Which leads to another possibility.  I am sure that most of you have heard the oft-repeated phrase about how correlation does not imply causation - this would be a classic example of it.  It is possible that folic acid use is highly related to another factor and it is this other factor that is causing autism.  If I had to guess, folic acid use during pregnancy could be be correlated with affluence.  Meaning that mothers who are more well-off are more likely to wait until later in life to have children and are more likely to do the "right" things during pregnancy - such as take folic acid.  But it is equally likely that this relationship could be flipped and affluence, which has been linked elsewhere to a higher risk of autism, is the dependant factor and it folic acid use that is the causative factor.  That is the problem with these sorts of relatinships, you are never quite sure what is a cause and what is simply along for the ride.

Another explanation would be that the association would happen by simple dumb luck.  Even with all of the robust methodologies and fancy statistics that researchers use, it is still possible for a significant result to appear that is due to simple random chance.  This is why it is very important that all scientific findings be replicated by other researchers using a different set of data.  The fact that thimerosal is actually protective has been suggested by other studies but I am not aware of any others finding a relationship with folic acid use.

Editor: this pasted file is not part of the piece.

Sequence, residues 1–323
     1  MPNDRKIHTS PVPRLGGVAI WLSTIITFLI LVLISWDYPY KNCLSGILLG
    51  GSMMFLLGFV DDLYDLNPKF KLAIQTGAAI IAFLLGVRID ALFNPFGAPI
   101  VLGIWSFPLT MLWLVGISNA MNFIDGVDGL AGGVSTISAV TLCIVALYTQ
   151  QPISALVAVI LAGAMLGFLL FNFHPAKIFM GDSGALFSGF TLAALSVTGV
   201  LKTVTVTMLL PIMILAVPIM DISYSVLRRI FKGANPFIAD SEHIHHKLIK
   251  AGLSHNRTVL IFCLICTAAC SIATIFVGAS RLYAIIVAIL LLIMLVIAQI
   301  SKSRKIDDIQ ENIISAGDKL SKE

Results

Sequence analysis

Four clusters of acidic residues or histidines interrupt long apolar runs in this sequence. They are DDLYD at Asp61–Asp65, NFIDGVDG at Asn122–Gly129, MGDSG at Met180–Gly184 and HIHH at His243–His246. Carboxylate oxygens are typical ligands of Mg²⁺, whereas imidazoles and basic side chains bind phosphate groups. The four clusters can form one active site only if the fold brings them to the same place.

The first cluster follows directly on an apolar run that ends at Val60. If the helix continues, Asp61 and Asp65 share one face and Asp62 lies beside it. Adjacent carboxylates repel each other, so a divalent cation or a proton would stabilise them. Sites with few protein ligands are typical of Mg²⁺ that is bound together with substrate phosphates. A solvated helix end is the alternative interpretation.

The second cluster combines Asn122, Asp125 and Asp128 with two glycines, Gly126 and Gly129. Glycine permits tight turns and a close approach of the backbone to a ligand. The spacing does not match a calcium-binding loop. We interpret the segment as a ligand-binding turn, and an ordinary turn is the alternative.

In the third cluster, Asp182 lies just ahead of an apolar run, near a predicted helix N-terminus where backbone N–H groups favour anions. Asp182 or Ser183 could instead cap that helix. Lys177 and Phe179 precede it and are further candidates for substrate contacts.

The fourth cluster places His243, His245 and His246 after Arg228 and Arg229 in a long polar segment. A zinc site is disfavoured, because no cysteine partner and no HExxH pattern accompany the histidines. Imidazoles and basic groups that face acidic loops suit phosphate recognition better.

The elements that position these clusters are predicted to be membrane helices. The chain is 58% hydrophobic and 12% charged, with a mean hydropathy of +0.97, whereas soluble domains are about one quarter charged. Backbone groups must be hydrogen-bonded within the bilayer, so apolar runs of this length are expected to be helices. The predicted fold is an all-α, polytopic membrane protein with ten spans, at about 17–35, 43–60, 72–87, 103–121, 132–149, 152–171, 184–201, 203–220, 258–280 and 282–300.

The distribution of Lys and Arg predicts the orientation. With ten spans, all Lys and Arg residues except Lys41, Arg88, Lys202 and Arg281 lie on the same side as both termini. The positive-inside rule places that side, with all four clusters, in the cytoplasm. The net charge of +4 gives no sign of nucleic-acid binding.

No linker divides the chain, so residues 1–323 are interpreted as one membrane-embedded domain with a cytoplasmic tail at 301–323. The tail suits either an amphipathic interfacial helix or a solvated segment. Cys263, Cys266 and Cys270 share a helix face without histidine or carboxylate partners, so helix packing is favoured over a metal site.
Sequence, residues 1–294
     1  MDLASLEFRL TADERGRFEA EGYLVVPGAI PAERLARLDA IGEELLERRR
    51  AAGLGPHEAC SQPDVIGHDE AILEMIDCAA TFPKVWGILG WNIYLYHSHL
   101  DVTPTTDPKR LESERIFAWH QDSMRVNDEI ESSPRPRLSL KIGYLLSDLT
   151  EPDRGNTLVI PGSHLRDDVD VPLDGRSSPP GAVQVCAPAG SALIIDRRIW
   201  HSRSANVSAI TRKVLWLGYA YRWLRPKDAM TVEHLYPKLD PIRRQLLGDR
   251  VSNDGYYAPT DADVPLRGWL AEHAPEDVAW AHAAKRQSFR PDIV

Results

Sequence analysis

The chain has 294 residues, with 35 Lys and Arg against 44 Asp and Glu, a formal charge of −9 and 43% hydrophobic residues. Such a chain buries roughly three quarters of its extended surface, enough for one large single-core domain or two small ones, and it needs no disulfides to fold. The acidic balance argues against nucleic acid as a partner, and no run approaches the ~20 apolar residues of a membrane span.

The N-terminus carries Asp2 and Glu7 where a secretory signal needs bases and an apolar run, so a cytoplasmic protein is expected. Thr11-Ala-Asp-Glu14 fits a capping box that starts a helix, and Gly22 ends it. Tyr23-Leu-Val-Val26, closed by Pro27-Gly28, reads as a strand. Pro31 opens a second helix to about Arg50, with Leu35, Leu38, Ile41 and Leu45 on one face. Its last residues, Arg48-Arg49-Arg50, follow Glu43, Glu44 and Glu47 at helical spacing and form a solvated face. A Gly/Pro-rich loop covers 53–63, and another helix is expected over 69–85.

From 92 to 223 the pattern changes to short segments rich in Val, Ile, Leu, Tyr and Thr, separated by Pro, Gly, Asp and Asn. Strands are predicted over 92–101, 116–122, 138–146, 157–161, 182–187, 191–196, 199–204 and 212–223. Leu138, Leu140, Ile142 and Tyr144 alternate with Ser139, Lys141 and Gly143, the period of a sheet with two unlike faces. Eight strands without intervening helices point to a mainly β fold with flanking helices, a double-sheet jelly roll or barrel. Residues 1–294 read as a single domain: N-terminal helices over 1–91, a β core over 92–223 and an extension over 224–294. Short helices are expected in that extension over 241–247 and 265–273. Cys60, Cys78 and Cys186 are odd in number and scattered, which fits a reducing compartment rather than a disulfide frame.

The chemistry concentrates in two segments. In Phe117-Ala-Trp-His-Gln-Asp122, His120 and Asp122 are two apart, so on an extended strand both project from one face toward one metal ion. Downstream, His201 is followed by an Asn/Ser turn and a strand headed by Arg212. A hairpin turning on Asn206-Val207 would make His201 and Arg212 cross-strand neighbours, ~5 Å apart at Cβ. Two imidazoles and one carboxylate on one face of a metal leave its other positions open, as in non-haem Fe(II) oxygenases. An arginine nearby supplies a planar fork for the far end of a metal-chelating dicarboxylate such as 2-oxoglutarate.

Regardless, I think the most likely explanation for what is going on is the simplest - there is a problem with the study's data.  I would have to say that a problem with the underlying data is one of the most overlooked and under-considered problems out there.  If the data that the analysis and conclusions of the study are based on is biased or does not properly represent what you trying to study, everything that the data is based on is flawed.

Since this study found that a higher exposure to thimerosal decreases the chance of autism and that taking folic acid during pregnancy raises the chance of autism, I think it is safe to say that something is not quite right with the data in this study.

As the saying goes - garbage in, garbage out.

Sunday, September 19, 2010

Yet Another Thimerosal Study